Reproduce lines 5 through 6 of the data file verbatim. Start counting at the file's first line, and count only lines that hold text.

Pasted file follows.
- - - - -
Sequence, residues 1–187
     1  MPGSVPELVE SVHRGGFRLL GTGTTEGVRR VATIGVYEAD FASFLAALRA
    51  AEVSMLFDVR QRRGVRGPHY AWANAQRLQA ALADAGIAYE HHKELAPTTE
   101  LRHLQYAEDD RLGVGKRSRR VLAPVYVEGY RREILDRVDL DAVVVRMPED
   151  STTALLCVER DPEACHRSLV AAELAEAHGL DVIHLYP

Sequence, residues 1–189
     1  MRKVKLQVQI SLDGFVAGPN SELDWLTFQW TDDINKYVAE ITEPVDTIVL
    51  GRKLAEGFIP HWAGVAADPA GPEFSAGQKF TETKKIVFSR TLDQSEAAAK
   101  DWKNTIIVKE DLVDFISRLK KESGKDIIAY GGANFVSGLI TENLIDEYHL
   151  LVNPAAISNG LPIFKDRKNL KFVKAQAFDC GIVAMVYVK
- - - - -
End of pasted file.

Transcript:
   151  STTALLCVER DPEACHRSLV AAELAEAHGL DVIHLYP

Sequence, residues 1–189